Your GP and the internet

When I was a girl, there was no internet. Nor was there any question that the doctor knew best. These days it's very different - put in a single key word into 'Google' and you can read a million articles. That means any of us can know as much as the doctor, doesn't it?

When I was a girl, there was no internet. Nor was there any question that the doctor knew best. Before I visited the GP, my mother made sure I was washed, brushed and dressed in my Sunday best. Doctors had spent years poring over dusty textbooks, acquiring knowledge the rest of us could only dream of, and their word was law.

These days it's very different - put in a single key word into 'Google' and you can read a million articles about it without getting up from your desk. That means any of us can know as much as the doctor, doesn't it? In fact, the doctor has to keep up with so many conditions that we're probably more up to date than they on 'our' problem, right?

The reality is somewhere in the middle. Long gone, thank goodness, are the days where the doctor believed that only they knew the answer and that the patient was there to be instructed and patronised. Every new GP spends years learning how to work together with their patient to find the best solution for their personal circumstances. Every GP-in-training spends large parts of their hospital, and particularly their GP training, learning about consultation skills. When I first started training as a GP, there were 'consultation models', but they were basically a list of things the doctor should do TO the patient. For instance, one advised that after taking a history and examining the patient, "The doctor, and occasionally the patient, discuss management (of the problem)". Today it's all about exploring the patient's concerns and beliefs then reaching common agreement on how to proceed.

But some patients believe they aren't in a partnership at all. It's their body and they know best. The 'expert' who sees the GP as a barrier to getting treatment they've found on the internet is never going to get that grown-up conversation where doctor and patient work together.

Cyberchondria

Patients come and see me with chest pain every day. The majority have simple muscle strains or panic attacks. But 'symptom sorter' checklists all have to list heart attack and lung cancer as possible causes of chest pain. Once you've read that, are you really going to look objectively at the less worrying causes? Not if you're human. So while I recommend the internet on a daily basis for patients to find out more about a condition I've diagnosed, I would urge anyone with a hypochondriac tendency (and I include myself) to be very wary of 'Googling' symptoms.

Miracle cures and scare stories - where the pen is more dangerous than the sword

One of the great problems with the internet is that it's almost entirely unpoliced - pretty much anyone can write anything on it, and they do. I see patients on an almost daily basis who have been promised miracle cures, or convinced the medicine I've prescribed is going to kill them in their beds, because of the internet. Some of them are frankly cruel - I've seen several desperate patients with cancer prepared to pay thousands for coffee enemas several times a day, because of a persuasive sales pitch on the internet. Mad? No - just vulnerable and scared.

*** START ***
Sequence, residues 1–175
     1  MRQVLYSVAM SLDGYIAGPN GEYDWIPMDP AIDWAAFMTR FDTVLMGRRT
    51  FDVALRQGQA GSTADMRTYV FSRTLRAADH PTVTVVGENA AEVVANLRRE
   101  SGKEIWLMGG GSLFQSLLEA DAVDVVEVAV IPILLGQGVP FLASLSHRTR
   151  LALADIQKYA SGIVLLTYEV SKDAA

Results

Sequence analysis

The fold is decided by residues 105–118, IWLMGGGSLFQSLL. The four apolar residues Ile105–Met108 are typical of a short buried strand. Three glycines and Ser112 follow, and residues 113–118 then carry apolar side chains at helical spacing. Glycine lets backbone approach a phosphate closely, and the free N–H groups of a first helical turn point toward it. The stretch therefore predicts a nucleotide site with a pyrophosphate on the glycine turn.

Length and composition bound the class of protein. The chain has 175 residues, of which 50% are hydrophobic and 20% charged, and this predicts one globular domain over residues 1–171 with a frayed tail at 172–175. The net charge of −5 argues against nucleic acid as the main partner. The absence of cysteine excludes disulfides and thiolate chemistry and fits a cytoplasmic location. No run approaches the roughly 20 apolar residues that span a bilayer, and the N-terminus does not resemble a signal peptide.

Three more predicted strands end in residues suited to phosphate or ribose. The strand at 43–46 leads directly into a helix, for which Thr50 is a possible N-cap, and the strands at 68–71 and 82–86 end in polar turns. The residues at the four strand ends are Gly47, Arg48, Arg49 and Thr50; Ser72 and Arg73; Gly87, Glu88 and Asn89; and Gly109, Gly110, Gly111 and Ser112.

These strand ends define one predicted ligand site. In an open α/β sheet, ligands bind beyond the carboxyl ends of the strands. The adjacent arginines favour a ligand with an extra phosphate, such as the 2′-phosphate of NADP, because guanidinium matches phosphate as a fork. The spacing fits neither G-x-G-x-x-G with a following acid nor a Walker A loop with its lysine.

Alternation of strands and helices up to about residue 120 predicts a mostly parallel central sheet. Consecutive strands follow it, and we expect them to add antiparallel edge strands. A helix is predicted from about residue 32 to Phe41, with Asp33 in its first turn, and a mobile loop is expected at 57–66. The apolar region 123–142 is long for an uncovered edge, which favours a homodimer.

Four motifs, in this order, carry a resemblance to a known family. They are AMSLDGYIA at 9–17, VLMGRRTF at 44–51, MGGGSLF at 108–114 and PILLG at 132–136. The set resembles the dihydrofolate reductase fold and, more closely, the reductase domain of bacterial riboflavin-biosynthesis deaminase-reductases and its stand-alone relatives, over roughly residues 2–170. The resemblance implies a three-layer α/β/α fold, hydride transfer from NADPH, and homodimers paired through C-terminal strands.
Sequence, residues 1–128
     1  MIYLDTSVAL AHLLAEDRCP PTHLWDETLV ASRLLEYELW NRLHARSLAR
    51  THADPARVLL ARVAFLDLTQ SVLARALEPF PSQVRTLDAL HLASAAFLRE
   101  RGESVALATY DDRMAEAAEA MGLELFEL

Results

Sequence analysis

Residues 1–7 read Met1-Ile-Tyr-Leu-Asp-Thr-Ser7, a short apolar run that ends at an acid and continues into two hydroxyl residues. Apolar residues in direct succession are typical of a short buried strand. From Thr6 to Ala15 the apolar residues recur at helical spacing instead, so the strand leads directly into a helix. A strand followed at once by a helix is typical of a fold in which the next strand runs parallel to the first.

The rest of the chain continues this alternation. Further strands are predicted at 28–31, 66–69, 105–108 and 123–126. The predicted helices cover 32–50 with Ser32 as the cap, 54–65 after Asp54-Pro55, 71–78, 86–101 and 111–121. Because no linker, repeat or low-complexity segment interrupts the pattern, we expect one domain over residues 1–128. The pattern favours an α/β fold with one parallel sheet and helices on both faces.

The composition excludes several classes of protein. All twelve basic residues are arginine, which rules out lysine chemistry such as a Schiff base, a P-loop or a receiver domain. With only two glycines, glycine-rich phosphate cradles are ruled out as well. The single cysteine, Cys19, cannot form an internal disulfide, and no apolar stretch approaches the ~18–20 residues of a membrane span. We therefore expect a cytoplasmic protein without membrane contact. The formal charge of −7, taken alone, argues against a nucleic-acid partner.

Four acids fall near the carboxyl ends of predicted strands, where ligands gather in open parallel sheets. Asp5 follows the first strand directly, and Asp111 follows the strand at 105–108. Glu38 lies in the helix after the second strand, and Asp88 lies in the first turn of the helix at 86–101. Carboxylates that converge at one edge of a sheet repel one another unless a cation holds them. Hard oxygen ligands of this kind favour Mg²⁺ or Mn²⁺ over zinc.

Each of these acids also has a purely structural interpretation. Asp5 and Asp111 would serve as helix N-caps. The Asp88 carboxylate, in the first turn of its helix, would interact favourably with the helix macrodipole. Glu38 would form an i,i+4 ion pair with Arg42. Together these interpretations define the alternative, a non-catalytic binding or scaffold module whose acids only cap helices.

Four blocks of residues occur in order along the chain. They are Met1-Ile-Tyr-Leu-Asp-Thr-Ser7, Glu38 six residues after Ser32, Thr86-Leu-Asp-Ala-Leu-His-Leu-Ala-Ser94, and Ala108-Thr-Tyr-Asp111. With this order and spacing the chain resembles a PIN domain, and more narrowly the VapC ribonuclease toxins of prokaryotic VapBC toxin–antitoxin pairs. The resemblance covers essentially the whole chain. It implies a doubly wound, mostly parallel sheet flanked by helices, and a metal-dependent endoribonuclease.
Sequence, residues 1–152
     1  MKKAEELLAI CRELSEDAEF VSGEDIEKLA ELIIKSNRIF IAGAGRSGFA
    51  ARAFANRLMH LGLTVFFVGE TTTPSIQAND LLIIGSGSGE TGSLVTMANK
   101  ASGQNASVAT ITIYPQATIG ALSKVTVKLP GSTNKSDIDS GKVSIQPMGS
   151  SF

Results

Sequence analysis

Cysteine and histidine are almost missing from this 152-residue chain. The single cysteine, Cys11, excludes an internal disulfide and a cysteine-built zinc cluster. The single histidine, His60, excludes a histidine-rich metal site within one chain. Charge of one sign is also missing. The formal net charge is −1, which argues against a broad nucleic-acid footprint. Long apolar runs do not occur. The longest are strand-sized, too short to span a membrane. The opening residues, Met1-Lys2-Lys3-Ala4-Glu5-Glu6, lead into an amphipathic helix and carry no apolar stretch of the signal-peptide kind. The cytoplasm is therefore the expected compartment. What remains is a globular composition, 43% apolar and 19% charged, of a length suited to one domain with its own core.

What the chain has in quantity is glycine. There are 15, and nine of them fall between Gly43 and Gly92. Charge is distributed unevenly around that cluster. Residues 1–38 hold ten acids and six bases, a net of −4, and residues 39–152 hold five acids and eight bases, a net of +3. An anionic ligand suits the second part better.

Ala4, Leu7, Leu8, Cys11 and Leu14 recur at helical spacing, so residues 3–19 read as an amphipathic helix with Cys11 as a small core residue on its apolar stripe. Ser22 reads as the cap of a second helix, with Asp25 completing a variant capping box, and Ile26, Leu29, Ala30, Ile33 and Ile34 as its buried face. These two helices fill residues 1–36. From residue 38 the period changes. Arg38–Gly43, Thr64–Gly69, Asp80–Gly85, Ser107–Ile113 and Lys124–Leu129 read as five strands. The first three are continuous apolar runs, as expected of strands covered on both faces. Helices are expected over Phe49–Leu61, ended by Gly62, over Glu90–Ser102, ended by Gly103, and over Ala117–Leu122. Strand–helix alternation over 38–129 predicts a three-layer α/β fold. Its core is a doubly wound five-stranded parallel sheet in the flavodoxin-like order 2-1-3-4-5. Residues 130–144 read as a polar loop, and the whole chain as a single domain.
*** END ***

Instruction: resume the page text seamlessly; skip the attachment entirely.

patient.info - the GP's secret

On the plus side, the internet means that GPs and practice nurses across the country have access to the latest information for patients at the click of a button. The patient information website patient.info is the second most visited site in the country (after NHS Choices) by patients - it gets an astonishing 1.2 million 'hits' a month from GPs and practice nurses. Seeing the GP when you're ill can be stressful and you often don't remember all the information you get. patient.info has thousands of patient information leaflets, all written by GPs specifically for GPs and their patients.

How do I know the information is reliable?

Find a reliable site that works for you. A website that ends '.edu' is run by a school or university. NHS choices (www.nhs.uk) is all written in patient-friendly language, but may not have more in-depth information for the expert patient. patient.info has both information for patients and for doctors, which many of my patients use if they want 'small print' information. They also have links on each page to charities and support organisations which deal with 'your' condition. National UK charities often have really well developed websites, with a host of information on the condition they're there to support, as well as web-rooms where you can link up with other people who have similar experiences.

Help your doctor to help you

Medicine is a fast-moving world, and no doctor has time to keep completely up to date with every new change. If you hear about a new development, a diagnosis that you think applies to you or a new treatment option, speak to your doctor about it. If they know all about it, they'll be happy to talk through how it relates to your case. If they don't, they'll have access to specialists who can give advice on whether it relates to you. It may help them to help not just you, but other patients too.

With thanks to 'My Weekly' magazine where this article was originally published.

Disclaimer: This article is for information only and should not be used for the diagnosis or treatment of medical conditions. EMIS has used all reasonable care in compiling the information but make no warranty as to its accuracy. Consult a doctor or other health care professional for diagnosis and treatment of medical conditions. For details see our conditions.